Of course, saying the above things are taken care of. If you are not certain that you know how to do any of this properly PLEASE seek a trainer, ASAP! Theres no shame in not knowing how to do all of that. It takes awhile to learn! I speant YEARS showing the big A hunter circuits and it wasn't until I picked up dressage that I ACTUALLY learned to do all of that. I STILL even struggle with it, sometimes, and I've been riding for 12 years! ;) Don't give up! If you have a talented horse and you have the commitment, you CAN do it! :)

ctab
Jun. 30, 2011, 11:13 PM
Less grain, lots less and lots more turnout in an area big enough for him to canter a bit every day. 8 hours + of daily turnout should help, esp. if he is out in company that will play with him. The grain change should happen gradually and will take several days before you will know the right amount. Plan for even less grain in the winter unless he will live out in a cold area.
If weight is an issue, then up the hay or change it to a super good quality hay.
It sounds like he is an older horse, mid teens? Arthritis can be an issue and he may be stiff when he starts out. It can explain why he is quiet while lunging and not when you ride. There is pressure on his back that hurts.There could be an issue of saddle fit or bit fit that bothers him after a couple of laps. If he is quiet enough when you start then gets frantic after a couple of laps make sure the cause it not physical.
If not, then he needs to learn that all work is not necessarily hard exciting work. I am sure he became a jumper because he was too hot for a hunter or eq horse. This may be his MO and the only thing you can do is try to tone it down.
Keep things simple with big figures and simple transitions. Try not to ball him up because you are worried about the speed. Let him out a little so he does not get so frantic from claustrophobia of a short stride. If his mouth is decent try less bit, a simple snaffle or double jointed snaffle, no flash, loose nose band. Don't worry about him getting the tongue over if he is not trying to run away. Go fast and run away are two different things. He will stop fussing with his tongue and bit when he relaxes mentally.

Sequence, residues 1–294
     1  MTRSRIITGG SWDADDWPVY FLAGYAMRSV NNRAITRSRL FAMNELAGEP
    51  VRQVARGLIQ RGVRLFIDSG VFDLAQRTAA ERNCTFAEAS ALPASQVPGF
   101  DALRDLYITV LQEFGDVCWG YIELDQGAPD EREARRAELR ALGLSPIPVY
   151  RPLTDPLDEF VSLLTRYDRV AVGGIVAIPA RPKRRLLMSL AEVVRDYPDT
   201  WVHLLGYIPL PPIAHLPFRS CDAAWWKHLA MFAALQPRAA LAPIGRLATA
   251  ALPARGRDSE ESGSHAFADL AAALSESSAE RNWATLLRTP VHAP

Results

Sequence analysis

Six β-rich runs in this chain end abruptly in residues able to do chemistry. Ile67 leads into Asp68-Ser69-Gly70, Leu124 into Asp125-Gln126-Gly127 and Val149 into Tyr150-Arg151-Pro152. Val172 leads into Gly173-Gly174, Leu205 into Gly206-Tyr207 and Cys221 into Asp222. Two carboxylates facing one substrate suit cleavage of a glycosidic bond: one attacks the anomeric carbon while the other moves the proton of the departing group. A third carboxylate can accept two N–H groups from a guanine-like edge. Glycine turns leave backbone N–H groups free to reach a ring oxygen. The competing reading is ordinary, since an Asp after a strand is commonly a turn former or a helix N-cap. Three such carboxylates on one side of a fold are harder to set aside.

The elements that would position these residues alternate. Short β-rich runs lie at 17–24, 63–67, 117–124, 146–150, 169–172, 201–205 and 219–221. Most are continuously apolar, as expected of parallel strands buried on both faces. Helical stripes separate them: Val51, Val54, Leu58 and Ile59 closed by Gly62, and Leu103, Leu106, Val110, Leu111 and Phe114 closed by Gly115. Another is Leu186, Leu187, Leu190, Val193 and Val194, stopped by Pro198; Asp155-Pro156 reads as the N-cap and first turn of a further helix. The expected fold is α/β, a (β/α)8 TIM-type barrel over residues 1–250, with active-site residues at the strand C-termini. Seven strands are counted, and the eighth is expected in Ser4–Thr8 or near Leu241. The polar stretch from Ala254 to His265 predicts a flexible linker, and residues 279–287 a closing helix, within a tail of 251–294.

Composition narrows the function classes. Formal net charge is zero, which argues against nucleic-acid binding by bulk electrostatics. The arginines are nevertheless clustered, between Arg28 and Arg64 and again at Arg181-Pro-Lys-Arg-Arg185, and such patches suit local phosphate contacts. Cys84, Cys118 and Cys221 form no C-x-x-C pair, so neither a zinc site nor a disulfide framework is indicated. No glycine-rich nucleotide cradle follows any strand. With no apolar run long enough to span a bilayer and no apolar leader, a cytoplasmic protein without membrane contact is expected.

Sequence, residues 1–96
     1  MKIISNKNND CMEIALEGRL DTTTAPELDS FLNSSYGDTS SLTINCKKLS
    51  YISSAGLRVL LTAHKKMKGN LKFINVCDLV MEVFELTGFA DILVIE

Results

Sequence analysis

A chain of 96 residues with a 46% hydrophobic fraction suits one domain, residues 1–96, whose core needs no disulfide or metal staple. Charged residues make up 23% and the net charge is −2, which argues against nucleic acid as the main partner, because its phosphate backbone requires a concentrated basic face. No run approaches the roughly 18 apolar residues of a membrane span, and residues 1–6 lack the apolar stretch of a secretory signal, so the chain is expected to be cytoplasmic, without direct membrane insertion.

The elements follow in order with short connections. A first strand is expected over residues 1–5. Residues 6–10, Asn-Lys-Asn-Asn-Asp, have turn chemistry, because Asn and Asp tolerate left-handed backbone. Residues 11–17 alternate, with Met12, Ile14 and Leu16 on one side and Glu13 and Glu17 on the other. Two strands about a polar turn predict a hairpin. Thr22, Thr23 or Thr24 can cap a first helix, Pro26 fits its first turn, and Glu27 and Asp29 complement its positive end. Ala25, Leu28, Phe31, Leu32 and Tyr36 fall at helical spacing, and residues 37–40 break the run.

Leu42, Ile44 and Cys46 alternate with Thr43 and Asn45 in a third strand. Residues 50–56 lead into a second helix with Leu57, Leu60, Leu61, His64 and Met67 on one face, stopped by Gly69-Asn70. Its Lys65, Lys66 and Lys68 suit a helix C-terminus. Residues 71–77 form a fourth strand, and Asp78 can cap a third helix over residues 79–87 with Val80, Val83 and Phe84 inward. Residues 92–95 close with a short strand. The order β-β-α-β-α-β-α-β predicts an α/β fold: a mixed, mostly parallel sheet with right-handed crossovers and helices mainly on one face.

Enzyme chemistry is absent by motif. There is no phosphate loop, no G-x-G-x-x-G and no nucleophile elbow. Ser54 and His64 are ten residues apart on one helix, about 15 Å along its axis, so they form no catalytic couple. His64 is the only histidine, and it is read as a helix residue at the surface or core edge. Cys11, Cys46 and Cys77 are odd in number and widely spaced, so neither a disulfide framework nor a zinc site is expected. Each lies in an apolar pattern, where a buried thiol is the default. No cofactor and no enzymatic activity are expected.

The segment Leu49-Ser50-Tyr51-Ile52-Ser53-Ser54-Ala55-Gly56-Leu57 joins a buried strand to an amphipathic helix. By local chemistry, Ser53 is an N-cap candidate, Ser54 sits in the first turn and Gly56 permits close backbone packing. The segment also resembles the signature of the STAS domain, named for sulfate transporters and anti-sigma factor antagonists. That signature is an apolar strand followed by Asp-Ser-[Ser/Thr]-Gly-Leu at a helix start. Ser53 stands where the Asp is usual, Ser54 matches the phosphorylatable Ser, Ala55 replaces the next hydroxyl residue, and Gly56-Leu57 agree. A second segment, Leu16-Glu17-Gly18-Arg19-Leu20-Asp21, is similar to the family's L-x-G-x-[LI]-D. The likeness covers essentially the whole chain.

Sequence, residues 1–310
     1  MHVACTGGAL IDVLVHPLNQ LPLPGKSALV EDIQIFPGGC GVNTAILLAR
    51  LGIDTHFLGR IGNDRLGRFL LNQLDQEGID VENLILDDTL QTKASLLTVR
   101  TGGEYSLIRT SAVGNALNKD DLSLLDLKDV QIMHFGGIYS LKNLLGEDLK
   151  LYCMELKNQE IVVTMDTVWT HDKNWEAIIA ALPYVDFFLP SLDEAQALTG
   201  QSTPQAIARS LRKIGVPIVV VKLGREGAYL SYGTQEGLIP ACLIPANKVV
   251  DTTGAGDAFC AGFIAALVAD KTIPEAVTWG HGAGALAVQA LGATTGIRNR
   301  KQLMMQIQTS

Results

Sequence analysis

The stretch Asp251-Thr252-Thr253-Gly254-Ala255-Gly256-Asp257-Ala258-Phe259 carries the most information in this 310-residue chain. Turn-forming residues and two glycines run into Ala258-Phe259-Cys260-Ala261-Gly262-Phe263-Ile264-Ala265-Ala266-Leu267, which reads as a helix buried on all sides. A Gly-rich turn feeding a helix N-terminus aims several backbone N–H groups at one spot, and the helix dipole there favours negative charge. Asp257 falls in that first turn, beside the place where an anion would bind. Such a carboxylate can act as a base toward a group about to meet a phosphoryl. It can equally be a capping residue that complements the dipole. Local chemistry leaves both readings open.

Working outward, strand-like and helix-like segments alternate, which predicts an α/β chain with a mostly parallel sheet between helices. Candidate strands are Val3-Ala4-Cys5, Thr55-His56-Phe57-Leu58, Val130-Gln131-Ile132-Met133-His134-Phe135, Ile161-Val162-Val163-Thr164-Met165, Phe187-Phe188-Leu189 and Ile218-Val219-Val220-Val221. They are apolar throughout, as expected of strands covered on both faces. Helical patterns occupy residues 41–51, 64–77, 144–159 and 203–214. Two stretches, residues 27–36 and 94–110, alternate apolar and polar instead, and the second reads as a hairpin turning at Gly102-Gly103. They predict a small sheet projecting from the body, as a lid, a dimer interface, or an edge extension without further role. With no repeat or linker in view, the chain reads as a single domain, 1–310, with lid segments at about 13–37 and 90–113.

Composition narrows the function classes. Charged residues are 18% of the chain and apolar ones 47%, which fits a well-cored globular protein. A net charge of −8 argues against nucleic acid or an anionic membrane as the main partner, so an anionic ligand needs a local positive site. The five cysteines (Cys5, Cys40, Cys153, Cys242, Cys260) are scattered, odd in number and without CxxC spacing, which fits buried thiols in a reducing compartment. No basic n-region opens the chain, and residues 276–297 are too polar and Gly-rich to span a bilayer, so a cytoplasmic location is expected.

That needs to be be your focus all the time. Not frame, not movements, not jumping, just relax. Make it fun and low key. Once he relaxes into work every thing else will be much easier! Make sure you stay relaxed when he gets upset. Try to laugh off the silly stuff, as frustrating as it can be. Lots of praise when you get a slow trot or a stretch down without an increase in pace.. With this kind of horse, having them become a little lazy is a good thing. Envision them going like your best packer.
Try lunging first for 20 minutes, productive lunging, not the dope on a rope kind. Then get on and see if he is a little calmer. Try treats for good behavior. Encourage him to stand around on a loose rein and just relax and let him look around, esp if things are starting to go bad. One thing I have done is sit up there and teach from his back. Not ride and teach. Just be up on him and wander around on a loose-ish rein, like you do when you teach from the ground. So I may have to get up and down a few times to set fences. That gets old for the horse too after a few times. After less than an hour of wandering they get pretty bored with it all as it is completely unexciting and relax mentally. How many ranch cowboys do you see on hot horses? Not many because those cowboys do everything from the back of a horse. Same with good field hunters. Both know its better to conserve energy because you just might be going for hours. It is much easier on them than endless laps of the arena. As long as the saddle fits well and is comfy! Try having him out with a real steady eddy type. Time spent just hacking with a lazier type does rub off.